When I booked a trip to São Paulo, Brazil for my family and me it wasn’t for barbecue. We were traveling for spring break, but I had heard about a Texas style barbecue restaurant in the city called BOS BBQ. I was figuring out a way to break it to my wife that one of our dinners in Brazil would be Texas barbecue when the restaurant’s chef, André de Luca, announced on their social media accounts that they were closing for good. I reached out to the chef to see if I’d read the Portuguese translation correctly, and he confirmed it. Then, he invited us over to his apartment for dinner.

I couldn’t say no, and while my family napped on our first day in Brazil I was shopping with André at the meat market, not for brisket and ribs, but for a proper Brazilian barbecue meal. That meant multitudes of beef including the signature cut of Brazil, the picanha. It’s the cut you see pictured in magazine advertisements for American churrascarias like Fogo de Chão (which was founded in Brazil). The U-shaped beef squeezed tightly onto a skewer with a gaucho at the ready with his knife is emblematic of Brazilian barbecue.

Back at André’s apartment he fired up the grill, which was basically in his kitchen. When he added a dry log to the hot lump charcoal there wasn’t much of a draft out the open window, so the kitchen filled with smoke. He didn’t seem to mind. The full menu was written on the kitchen chalkboard, and we settled in for the many courses that would come, all of which were cooked on the grill.

Linguiça is a garlicky pork sausage of Portuguese origin. It was mild in the spice quotient and a squeeze of fresh lemon brightened it up.

Beef chuck short ribs were next. In Texas we make sure to smoke them until they’re pull apart tender, but pretty much every piece of beef in Brazil is cooked to medium rare. They let the knife do the work of making it tender by slicing the meat thinly against the grain.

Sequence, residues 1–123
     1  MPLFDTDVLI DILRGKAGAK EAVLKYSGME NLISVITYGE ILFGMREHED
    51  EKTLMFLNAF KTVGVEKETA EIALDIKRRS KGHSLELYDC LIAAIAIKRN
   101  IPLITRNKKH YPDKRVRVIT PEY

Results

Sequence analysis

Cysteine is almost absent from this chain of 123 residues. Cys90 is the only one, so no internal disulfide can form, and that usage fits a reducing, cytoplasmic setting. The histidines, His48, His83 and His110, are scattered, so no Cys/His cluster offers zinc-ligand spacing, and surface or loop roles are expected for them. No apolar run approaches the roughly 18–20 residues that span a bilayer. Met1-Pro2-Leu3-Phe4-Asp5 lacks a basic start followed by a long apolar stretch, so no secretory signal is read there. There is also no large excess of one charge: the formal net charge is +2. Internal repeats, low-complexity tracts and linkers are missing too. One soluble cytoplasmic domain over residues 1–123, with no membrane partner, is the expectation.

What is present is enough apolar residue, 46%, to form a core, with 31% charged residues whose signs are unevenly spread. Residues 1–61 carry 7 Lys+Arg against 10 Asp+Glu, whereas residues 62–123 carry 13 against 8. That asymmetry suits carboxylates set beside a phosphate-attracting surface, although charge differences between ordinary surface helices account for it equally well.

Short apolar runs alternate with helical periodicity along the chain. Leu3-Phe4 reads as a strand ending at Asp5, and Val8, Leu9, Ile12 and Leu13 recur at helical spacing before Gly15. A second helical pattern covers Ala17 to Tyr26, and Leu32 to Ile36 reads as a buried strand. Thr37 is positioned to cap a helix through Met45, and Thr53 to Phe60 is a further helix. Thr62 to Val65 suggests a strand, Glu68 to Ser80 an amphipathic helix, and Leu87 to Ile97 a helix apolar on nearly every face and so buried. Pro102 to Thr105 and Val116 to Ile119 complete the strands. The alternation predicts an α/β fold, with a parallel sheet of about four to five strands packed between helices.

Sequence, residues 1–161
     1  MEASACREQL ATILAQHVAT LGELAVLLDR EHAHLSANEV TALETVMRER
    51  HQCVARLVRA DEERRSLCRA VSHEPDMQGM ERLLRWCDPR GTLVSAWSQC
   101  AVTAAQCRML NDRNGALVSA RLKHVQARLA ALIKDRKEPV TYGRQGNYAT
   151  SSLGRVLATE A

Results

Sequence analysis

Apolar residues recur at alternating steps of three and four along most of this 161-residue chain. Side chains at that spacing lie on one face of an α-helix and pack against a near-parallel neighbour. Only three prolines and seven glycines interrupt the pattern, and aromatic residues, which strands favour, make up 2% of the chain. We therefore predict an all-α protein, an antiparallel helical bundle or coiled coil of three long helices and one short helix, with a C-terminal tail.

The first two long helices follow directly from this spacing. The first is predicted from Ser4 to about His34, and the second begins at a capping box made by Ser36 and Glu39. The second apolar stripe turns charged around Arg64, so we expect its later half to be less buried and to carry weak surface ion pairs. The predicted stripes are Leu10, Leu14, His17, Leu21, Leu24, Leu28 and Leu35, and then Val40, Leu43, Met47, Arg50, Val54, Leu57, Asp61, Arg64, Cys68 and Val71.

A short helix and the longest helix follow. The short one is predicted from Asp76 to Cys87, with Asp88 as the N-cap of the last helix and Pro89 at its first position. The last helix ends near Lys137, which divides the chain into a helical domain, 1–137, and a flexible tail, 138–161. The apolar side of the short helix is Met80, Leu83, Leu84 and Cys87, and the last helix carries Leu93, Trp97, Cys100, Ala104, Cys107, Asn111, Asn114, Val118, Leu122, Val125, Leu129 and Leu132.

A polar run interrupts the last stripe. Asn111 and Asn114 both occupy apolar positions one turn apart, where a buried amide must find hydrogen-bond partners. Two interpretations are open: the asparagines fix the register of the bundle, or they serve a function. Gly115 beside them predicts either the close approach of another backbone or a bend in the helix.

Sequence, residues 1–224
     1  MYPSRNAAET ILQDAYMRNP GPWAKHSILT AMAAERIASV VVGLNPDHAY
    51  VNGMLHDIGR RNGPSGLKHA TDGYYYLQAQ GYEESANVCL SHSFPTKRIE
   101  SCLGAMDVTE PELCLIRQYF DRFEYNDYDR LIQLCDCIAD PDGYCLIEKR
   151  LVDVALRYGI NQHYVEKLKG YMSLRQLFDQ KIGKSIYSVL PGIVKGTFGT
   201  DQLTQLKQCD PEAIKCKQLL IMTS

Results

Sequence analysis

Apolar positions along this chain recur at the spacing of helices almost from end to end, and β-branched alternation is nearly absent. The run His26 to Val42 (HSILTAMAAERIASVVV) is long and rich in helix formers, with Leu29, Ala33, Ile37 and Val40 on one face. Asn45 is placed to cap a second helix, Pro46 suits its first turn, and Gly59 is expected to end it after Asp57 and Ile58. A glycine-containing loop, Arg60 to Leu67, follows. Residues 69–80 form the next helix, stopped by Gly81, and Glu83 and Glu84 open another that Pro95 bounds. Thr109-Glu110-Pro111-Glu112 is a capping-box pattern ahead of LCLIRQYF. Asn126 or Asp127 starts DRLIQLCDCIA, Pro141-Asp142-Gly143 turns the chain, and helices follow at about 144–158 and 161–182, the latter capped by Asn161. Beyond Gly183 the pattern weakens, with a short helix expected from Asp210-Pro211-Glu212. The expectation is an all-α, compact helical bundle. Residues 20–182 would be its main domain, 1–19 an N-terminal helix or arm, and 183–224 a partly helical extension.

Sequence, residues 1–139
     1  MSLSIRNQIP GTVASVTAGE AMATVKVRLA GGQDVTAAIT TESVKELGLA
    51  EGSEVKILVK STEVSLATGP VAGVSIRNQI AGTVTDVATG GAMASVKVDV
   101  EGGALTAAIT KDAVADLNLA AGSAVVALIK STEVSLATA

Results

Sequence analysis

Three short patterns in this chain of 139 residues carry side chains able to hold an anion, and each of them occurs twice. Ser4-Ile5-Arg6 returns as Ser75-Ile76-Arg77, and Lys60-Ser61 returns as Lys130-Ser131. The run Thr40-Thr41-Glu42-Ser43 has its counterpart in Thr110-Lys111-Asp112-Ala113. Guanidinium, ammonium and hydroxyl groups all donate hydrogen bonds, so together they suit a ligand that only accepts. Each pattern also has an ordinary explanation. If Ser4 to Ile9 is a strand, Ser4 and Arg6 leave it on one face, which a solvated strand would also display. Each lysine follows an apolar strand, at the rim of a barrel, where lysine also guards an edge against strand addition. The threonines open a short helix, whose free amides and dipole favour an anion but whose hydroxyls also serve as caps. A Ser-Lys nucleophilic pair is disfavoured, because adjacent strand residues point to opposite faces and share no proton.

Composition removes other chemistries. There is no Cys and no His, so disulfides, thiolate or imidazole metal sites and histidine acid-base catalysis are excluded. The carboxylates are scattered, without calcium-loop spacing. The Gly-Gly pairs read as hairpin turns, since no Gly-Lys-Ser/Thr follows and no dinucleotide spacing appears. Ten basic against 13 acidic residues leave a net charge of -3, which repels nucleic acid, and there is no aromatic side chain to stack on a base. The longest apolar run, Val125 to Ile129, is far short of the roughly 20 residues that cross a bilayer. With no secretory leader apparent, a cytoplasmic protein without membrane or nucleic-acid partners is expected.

A shoulder steak (I couldn’t determine the equivalent cut here in the U.S.) was also a tough cut made tender by thinly slicing it. There was a pleasant chew remaining, but it certainly didn’t feel like work.

Flank steak and New York strips weren’t unfamiliar, but they came from Brazilian cattle. They were smaller than what you’d find in a Texas grocery store, but no less marbled. The beefiness was intense and the fat was delectable.

The final course was the picanha. This is known as the sirloin cap or the coulotte steak here in the U.S. The IMPS # is 184D, and it comes from the very top of the sirloin. In Brazil they are careful to leave the full fat cap on the cut which covers one entire surface.

Grilling the meat is done in a few stages. First, the entire cut is salted heavily and grilled starting with the fat cap down. After searing on both sides, and making sure it’s still very rare in the center, the picanha is separated into thick strips. These strips are then returned to the grill to be seared on the newly exposed edges. The finished strips are then sliced thinly against the grain. Lucky for us André had also prepared a lardo dip to add a little more fat to the beef.

Also mixed into the meal was roasted heart of palm whose meaty texture would make any vegetarian happy, and farofa which is a dish of bread crumbs, onions, olives, and eggs. Its purpose is to soak up the meat juices left on your plate, and that’s not something you want to waste.

Many thanks to André for inviting a family of strangers into his home for such a feast. It was an incredible introduction into Brazilian beef and the country’s barbecue. More importantly, the meal may have saved us a trip to that Fogo de Chão a block from our hotel.